This is an old shuttle, antique. Laid out just like a 21st Century atmospheric aircraft. Long centre aisle. Overhead luggage compartments. Seats on either side. About half of the seats are already full. Mostly human. Occasional branded and masked Venusian. No Martians. Of course no Martians.

The old woman behind jabs with long, bony fingers. “Come on,” she snarls. “These old joints need to sit down.” Moving down the aisle. Unfamiliar eyes staring. Arm hurts. Case is heavy.

Red 14.

Made it to designated seat. It’s an aisle seat. Has to be an aisle seat, just in case.

Stewardess smiles. “Can I help you lift your case into the overhead compartment, sir?”

No! I mean, no thank you.” Nervous smile. Bending down, hefting the case in both arms. Setting it in overhead compartment as gently as possible. On the top of the case, a small display flashes. It displays a number. A red number. 15.

Red 14. It has to be now. Now, damn it. Will that damn lock come off? Lifting trembling fingers to the case. Reaching for the special seal that will open it.

Old woman pokes again. “Come on, young man, help me lift my bag into that compartment. These old bones can’t —”

“Just a moment, please.” Where is that release?

That red number ticks down. 14. Red 14.

“Damn it!” And there it is, the release. Pressing it. Doesn’t open. That damn magnet-lock.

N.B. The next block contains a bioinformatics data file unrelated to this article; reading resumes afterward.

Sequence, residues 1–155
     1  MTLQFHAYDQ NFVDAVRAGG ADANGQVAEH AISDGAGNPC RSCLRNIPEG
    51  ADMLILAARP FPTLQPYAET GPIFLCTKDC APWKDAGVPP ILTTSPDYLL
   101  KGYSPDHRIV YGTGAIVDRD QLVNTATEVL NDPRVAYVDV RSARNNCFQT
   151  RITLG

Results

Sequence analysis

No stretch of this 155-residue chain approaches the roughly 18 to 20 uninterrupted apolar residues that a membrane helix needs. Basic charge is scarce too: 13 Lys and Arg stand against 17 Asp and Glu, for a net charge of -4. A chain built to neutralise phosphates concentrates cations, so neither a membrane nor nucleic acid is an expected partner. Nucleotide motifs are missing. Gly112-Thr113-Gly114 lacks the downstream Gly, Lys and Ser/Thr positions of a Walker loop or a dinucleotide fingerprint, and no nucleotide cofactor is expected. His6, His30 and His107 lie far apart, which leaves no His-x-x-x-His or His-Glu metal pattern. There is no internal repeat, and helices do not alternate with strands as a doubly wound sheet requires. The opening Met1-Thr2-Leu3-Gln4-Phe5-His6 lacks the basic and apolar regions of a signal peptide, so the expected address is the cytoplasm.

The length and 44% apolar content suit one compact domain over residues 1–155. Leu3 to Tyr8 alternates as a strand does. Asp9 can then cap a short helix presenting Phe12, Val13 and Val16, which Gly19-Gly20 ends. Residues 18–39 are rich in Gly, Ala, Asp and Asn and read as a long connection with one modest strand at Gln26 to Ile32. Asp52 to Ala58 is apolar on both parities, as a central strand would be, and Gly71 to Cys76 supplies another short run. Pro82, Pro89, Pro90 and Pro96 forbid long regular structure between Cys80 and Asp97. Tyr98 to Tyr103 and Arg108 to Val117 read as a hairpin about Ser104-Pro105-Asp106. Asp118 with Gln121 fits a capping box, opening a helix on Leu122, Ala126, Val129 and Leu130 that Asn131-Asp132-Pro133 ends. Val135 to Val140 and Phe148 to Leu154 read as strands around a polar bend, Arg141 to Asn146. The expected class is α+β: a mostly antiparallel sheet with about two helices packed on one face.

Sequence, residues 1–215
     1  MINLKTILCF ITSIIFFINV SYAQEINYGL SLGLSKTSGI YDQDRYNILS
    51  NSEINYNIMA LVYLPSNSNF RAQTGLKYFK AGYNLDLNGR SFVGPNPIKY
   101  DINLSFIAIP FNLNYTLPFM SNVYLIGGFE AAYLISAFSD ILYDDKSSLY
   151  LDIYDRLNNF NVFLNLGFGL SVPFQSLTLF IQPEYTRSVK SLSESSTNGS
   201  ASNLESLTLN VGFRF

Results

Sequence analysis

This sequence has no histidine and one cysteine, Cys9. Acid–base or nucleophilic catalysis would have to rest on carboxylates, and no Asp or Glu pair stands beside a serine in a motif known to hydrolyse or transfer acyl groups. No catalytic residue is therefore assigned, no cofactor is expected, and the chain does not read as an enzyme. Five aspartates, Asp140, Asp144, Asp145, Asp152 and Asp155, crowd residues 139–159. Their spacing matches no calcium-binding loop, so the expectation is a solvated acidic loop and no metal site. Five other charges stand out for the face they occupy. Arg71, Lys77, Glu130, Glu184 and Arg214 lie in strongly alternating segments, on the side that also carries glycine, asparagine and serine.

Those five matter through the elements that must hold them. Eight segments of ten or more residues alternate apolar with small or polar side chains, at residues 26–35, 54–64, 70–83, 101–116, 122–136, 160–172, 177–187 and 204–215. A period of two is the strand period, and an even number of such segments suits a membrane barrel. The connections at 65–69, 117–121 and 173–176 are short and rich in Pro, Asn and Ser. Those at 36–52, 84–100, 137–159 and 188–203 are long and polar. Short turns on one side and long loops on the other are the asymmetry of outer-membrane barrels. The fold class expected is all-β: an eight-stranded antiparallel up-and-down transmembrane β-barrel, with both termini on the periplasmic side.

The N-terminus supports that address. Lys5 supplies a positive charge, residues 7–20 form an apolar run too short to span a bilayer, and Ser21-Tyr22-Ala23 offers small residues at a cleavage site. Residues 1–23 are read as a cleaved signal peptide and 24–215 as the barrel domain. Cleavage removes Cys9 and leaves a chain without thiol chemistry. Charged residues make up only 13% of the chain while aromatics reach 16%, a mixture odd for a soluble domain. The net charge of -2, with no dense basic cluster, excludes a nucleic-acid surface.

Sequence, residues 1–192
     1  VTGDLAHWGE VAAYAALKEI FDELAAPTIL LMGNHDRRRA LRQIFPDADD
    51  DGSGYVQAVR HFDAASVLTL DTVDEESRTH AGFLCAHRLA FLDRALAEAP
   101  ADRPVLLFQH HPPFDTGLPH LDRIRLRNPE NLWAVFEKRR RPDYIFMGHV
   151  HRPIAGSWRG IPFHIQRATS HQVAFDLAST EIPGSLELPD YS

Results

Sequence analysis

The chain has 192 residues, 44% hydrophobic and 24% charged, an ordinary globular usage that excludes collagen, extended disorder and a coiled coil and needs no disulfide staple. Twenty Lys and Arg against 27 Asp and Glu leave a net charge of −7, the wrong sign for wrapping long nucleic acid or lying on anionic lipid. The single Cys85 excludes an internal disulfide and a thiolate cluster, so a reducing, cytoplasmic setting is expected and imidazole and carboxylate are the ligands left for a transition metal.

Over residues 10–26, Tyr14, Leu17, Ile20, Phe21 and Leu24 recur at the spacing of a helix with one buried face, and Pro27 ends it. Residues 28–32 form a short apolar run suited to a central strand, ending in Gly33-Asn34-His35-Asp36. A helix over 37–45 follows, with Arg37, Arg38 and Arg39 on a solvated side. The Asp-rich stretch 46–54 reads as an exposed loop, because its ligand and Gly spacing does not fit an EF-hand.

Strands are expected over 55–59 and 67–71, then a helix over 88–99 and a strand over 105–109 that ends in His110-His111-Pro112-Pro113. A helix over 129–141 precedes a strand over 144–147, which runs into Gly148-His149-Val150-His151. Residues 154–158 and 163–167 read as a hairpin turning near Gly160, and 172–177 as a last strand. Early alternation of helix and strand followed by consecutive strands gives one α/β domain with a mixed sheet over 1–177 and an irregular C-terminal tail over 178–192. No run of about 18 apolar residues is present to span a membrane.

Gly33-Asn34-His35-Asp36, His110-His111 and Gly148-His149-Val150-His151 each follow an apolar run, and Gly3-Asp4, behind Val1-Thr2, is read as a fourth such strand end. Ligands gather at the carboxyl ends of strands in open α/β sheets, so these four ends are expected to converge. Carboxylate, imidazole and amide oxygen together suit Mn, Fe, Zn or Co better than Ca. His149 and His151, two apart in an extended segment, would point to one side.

Stewardess is there. “Are you sure you don’t need help, sir?”

“I’m fine, just making sure it’s secure in there.” Reach around to the other side for the emergency release. Hopefully that will disable the magnet-lock, it worked when testing the case before this.

Old woman pokes again. “Emperor’s beard! Young man, you are intolerably rude! I demand you help me at once!”

“One second.” Where is that emergency — there it is! A faint hiss. The glow of the magnet-lock dims. It’s disabled for now. Lifting the lid of the case, peering inside.

The number on the display ticks down. Red 13.

Am I too late? Peering into the case, searching. Damn it, am I too late?

There. A face lifts up from over the ankles. A small, Martian face, with a tiny mouth to go along with limited air consumption. The eyes are glazed from CO2 poisoning, but there’s life there.

“Pappa…” wheezes a weak voice.

Cough to cover the sound. “Excuse me,” to the stewardess, to the old woman. Leaning in, whispering, “It’s okay. It’s okay, Mira. Go back to sleep.” Feeling a wave of warm CO2 passing out of the case and flowing into the passenger compartment.

Looking at the display. Red 15, Red 20, Red 25 and rising. Orange 30. Yellow 50. Green 70. Green 100. The display darkens as the case rebalances its interior tank, sucking oxygen out of the atmosphere. Whispering, “I love you.” Closing the case. A faint whine as the magnet-lock seals again.

Turn and the stewardess is right there. “Excuse me, sir.”

Heart beating. Sweating from right temple. “Yes?” She knows. She saw.

Stewardess stares long and hard. Her eyes say she knows. Her eyes say she saw or heard the outgassing.

She smiles. It’s a small, secret smile. A smile just for me. “Sir, would you help that woman with her case, please?”

“Yes. Yes, I’m sorry.” Turning, helping the old woman lift her case into the compartment. She grunts and shuffles into her seat without offering thanks.

Sitting in my seat. Breathing out a sigh of relief. Not safe yet, but safe for now.

Red 14.